It is risky to return to anything that one loved thirty years ago – a boyfriend, a city, an outfit. But I had a hunch that Lorrie Moore’s ‘How to Be an Other Woman’ would hold up pretty well, although it now feels distinctly historical with its references to office work in which the clerical employees use typewriters. And, yet, at the same time, it seems completely contemporary: Charlene, wasting her potential as a secretary at Karma-Kola – oh, lord, I completely missed the obvious joke of that name for all these years – could be the fifth girl in HBO’s Girls.
Charlene meets her boyfriend-to-be on a bus. (Query: What do we call the man in such relationships? She is the ‘other woman’ or mistress, but what is he? The adulterer, I guess, and yet that label is seldom used.) She is reading Madame Bovary, but the book is cloaked in a “Doris Day biography cover”. Charlene’s own cover is just as arch and paper-thin. She uses clever words to pretend that she doesn’t really care about this dead-end relationship. She is given to bad puns, although they are bad puns made with an aching post-modern awareness of how bad they are. (Wordplay is her foreplay. When her lover-to-be makes a comment about the weather, she replies: “It is fit for neither beast nor vegetable.”)
“It is dumb. But it is how you meet.”
Yes, “you”. Moore’s story is written in the second-person. When I teach writing and review the various points-of-view available, second-person is almost a footnote, a topic to be hurried past as it is done so seldom. (I plugged “novels written in second person” into a Google search engine and found a Goodreads.com list that includes Self-Help, the Moore collection in which this short story appears. The list of 20 books included Jay McInerney’s Bright Lights, Big City, perhaps one of the best-known works in this POV, but also novels by Paul Auster, Italo Calvino, Stewart O’Nan, Tom Robbins and The Monster at the End of the Street, a 1971 Little Golden Book about a Sesame Street character.) The danger in second-person is that it can feel like a bit of a stunt, but it makes sense for Charlene, who cannot quite own her own behaviour. She stands outside herself, pretending to be cool and cynical.
When told that her lover’s wife excels at making lists, she makes her own. Former lovers, four in all. “Clients to see”, which are really lists of the most mundane tasks imaginable, then segue to pro/con evaluations of her situation. She is in love, but she knows it’s probably not going to end well. She obsesses over his wife, Patricia, staring into the wife’s closet on a rare overnight visit to her lover’s apartment, noting the sensible ‘married’ shoes lined up in a row, the toiletries taken from hotels.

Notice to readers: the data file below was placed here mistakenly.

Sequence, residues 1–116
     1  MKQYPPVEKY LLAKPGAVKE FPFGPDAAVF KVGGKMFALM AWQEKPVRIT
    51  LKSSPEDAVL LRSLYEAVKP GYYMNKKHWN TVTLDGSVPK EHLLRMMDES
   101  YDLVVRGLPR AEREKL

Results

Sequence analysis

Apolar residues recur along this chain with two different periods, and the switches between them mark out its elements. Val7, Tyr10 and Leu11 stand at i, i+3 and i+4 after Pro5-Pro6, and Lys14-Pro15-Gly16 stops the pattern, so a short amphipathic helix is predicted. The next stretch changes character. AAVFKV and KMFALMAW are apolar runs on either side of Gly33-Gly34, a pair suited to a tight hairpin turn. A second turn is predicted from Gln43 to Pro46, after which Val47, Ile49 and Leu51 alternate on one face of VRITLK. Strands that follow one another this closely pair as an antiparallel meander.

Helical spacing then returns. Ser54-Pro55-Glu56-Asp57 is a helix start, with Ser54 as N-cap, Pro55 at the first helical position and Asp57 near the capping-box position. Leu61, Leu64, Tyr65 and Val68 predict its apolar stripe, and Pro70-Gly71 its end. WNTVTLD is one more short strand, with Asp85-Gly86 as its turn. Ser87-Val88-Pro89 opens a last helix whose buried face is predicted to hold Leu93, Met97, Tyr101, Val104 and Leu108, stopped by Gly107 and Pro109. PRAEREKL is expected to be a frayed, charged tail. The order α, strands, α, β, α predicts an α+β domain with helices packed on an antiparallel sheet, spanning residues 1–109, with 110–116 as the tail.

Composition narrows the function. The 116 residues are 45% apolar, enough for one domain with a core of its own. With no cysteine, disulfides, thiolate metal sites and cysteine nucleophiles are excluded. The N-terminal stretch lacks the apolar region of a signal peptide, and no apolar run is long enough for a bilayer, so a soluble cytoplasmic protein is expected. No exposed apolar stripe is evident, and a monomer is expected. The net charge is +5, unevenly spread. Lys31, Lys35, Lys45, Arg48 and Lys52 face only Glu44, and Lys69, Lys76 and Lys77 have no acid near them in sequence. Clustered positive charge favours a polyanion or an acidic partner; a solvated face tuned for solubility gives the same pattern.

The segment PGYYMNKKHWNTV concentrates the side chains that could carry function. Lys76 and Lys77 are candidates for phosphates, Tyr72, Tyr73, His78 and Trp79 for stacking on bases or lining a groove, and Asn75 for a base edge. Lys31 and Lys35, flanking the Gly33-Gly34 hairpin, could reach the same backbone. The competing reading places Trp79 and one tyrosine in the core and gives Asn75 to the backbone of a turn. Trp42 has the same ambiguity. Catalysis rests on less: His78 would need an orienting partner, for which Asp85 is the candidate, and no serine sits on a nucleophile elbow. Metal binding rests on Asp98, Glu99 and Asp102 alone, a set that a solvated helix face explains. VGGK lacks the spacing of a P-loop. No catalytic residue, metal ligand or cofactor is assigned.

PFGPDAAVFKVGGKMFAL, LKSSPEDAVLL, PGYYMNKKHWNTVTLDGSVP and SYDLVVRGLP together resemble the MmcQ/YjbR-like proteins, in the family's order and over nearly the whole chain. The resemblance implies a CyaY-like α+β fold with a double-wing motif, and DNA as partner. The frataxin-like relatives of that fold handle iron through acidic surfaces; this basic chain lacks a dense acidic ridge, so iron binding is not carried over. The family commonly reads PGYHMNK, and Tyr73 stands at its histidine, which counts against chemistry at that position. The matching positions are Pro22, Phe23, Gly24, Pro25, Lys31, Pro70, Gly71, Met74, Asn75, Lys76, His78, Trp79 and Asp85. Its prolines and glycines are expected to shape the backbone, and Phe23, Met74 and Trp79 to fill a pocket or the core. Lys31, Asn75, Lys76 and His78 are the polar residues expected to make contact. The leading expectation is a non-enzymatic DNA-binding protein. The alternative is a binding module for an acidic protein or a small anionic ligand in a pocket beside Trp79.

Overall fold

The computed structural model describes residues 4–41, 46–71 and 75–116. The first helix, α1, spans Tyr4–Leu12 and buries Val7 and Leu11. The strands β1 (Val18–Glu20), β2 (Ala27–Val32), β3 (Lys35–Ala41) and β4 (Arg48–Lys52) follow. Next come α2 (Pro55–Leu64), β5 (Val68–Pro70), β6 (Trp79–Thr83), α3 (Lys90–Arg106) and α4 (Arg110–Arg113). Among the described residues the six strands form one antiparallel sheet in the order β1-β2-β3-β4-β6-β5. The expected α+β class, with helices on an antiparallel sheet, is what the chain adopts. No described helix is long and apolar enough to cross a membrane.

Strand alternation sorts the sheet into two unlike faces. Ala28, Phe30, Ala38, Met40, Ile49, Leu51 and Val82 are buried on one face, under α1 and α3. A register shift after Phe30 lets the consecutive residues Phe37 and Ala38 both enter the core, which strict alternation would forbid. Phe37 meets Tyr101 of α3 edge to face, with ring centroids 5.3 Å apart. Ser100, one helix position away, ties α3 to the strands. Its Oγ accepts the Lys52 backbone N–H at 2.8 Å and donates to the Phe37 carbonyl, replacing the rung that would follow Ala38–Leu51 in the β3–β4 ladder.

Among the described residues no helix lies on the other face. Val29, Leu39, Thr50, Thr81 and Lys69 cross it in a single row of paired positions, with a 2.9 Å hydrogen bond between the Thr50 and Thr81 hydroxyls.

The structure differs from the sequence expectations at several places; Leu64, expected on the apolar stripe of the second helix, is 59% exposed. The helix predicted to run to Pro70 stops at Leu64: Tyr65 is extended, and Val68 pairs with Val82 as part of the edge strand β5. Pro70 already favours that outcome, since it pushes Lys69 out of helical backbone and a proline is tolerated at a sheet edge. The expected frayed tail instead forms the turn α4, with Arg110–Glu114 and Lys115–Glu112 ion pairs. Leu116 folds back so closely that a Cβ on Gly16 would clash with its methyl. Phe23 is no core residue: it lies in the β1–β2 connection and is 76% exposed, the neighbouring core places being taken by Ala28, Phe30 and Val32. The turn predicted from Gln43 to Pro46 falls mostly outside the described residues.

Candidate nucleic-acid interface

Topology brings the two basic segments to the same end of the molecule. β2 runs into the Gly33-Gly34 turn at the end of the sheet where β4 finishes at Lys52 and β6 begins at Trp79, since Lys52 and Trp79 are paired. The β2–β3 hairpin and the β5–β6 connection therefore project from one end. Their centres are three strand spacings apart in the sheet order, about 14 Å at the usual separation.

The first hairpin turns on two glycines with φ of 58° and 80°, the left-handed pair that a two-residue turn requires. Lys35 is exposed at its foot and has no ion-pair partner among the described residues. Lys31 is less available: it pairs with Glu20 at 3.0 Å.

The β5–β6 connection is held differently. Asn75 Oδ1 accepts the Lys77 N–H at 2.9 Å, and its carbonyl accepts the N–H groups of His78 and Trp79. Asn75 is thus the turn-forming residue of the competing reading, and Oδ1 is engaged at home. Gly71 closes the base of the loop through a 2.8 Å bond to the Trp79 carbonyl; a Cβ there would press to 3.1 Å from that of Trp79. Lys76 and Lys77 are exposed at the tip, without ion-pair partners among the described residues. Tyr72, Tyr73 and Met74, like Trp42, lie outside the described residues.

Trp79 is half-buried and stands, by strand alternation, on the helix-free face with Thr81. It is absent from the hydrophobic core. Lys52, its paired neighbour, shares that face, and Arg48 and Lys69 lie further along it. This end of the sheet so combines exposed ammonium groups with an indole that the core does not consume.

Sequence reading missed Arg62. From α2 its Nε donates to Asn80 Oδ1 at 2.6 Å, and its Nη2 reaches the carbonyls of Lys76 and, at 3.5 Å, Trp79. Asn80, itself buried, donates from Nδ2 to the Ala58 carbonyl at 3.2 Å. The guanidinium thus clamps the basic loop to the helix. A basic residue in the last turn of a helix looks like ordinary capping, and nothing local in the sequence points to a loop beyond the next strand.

What do we know about Charlene? She attended college, which earns her the scorn of her work colleagues, as they are in secretarial jobs to pay for their daughters’ education, hoping they will never be caught in such dead-end jobs. She graduated with honours and wears the proof of this, her Phi Beta Kappa key, on a chain, hoping it will attract attention. Her mother is her biggest fan. She grew up in New Jersey.
To be fair, Charlene doesn’t know very much about herself. She literally clings to that Phi Beta Kappa key, playing with it, swinging it around her neck on a cheap gold chain. She doesn’t want to be the wife, a lawyer who specialises in intellectual property law and takes home hotel soaps, but she doesn’t have any idea who she wants to be. When the reader meets her, she has literally pressed her face against a glass, a shoe store near her bus stop. Later in the story, she catches her reflection in windows, but no longer recognises herself. ‘Mistress’ is Charlene’s most vivid incarnation, redolent of romantic old movies.
And then she finds out that Patricia is not her lover’s wife, but the woman with whom he lives since separating from his wife. Which makes Charlene – what? The other other woman? Patricia holds the status that was so important to her. “You mean I’m just another of the fucking gang?” She orders him out of her apartment. “Slam the door like Bette Davis.”
He still calls her from time to time. She fiddles with her Phi Beta Kappa key, doodles. When he asks how she is, she steels herself: “You always, always, say ‘Fine.’”
Is she? I haven’t a clue. Will she be? I hope so, but perhaps that’s my innate optimism. Lorrie Moore, now 57, was not much older than Charlene when she wrote this story and I think her youth is an advantage. ‘How to Be an Other Woman’ is better for its lack of distance and hindsight. The pain is small, but more powerful and credible. And if I find myself thinking today, “Oh, you’ll get over it,” that says more about what’s happened to me since 1985.
Laura Lippman has been awarded every major prize in crime fiction. She is the author of the Tess Monaghan series and eight other novels. Since the publication of What the Dead Know in 2007, each of her hardbacks has hit the New York Times bestseller list. She lives in Baltimore, Maryland, and New Orleans. Her latest novel After I’m Gone is published by Faber & Faber. Read more.
Lorrie Moore’s ‘How to Be an Other Woman’ is published in Self-Help (Knopf/Faber & Faber, 1985) and The Collected Stories (Faber & Faber, 2008).